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Neurochem Res. 2011 Nov;36(11):2127-35. doi: 10.1007/s11064-011-0537-8. Epub 2011 Jun 26.

Ceruloplasmin protects against rotenone-induced oxidative stress and neurotoxicity.

Author information

1
Department of Medicine (Neurology and Rheumatology), Shinshu University School of Medicine, Matsumoto 390-8621, Japan.

Abstract

To clarify the neuroprotective property of ceruloplasmin and the pathogenesis of aceruloplasminemia, we generated ceruloplasmin-deficient (CP⁻/⁻) mice on the C57BL/10 genetic background and further treated them with a mitochondrial complex I inhibitor, rotenone. There was no iron accumulation in the brains of CP⁻/⁻ mice at least up to 60 weeks of age. Without rotenone treatment, CP⁻/⁻ mice showed slight motor dysfunction compared with CP⁺/⁺ mice, but there were no detectable differences in the levels of oxidative stress markers between these two groups. A low dose of rotenone did not affect the mitochondrial complex I activity in our mice, however, it caused a significant change in motor behavior, neuropathology, or the levels of oxidative stress markers in CP⁻/⁻ mice, but not in CP⁺/⁺ mice. Our data support that ceruloplasmin protects against rotenone-induced oxidative stress and neurotoxicity, probably through its antioxidant properties independently of its function of iron metabolism.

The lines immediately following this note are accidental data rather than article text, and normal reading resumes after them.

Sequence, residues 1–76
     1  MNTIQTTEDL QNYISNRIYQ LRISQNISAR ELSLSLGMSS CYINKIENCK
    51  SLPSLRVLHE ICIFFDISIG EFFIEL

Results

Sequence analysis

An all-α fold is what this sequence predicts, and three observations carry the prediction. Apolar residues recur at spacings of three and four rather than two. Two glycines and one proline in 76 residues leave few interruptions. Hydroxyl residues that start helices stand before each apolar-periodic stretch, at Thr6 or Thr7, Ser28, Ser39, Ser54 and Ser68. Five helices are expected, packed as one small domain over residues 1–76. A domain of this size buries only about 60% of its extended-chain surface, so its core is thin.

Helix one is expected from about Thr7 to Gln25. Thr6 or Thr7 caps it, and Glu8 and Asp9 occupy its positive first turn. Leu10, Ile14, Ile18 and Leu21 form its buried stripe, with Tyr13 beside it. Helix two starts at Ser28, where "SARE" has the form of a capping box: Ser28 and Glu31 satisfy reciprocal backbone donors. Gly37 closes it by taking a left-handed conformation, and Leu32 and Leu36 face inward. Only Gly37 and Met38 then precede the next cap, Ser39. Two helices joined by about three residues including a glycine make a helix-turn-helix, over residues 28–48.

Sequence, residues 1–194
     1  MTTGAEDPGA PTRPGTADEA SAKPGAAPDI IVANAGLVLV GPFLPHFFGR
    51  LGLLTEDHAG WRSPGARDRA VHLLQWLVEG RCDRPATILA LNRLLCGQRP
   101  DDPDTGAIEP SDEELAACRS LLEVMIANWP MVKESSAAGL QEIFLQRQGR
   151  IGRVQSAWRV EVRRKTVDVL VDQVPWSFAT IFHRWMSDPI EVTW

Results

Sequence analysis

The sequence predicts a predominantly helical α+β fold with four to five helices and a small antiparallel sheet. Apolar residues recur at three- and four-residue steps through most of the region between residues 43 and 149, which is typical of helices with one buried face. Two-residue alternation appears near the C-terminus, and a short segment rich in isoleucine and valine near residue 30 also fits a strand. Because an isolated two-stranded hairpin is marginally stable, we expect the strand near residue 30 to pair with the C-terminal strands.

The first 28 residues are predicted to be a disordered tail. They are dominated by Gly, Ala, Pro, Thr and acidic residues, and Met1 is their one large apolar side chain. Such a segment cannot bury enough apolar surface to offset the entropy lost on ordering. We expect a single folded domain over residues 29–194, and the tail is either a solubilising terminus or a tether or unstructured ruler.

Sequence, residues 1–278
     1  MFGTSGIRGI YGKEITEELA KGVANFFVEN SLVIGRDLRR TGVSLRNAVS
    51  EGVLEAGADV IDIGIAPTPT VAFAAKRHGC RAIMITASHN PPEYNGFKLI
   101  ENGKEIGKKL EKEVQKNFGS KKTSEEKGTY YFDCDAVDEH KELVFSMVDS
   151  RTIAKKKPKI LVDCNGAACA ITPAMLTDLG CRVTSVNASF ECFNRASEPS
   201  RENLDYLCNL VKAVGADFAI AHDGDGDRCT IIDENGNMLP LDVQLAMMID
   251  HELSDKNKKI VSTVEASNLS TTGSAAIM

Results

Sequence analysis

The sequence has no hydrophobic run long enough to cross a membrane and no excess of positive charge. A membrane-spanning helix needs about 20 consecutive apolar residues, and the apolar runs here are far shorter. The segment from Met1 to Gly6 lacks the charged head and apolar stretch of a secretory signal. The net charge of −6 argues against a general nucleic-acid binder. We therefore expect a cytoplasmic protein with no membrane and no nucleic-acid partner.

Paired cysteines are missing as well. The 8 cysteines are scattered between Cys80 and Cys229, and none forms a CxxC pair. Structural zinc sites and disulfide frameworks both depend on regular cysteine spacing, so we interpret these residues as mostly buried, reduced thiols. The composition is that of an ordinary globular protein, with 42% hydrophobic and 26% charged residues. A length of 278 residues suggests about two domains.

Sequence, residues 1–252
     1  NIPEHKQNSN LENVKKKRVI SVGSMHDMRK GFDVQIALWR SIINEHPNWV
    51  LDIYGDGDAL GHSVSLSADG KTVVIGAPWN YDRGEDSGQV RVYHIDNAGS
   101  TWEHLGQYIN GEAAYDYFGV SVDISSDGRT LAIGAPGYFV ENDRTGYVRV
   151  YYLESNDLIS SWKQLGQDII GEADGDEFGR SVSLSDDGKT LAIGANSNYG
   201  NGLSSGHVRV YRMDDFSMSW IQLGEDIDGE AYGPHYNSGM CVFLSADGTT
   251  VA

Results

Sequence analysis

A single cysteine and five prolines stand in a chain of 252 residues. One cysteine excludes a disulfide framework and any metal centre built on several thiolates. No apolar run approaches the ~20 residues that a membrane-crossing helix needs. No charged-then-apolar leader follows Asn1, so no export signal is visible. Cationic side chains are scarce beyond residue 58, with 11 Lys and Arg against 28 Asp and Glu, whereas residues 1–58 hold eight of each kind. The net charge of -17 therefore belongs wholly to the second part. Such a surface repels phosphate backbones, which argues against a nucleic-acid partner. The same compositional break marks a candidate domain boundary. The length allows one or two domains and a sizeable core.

PMID:
21706374
PMCID:
PMC3183265
DOI:
10.1007/s11064-011-0537-8
[Indexed for MEDLINE]
Free PMC Article

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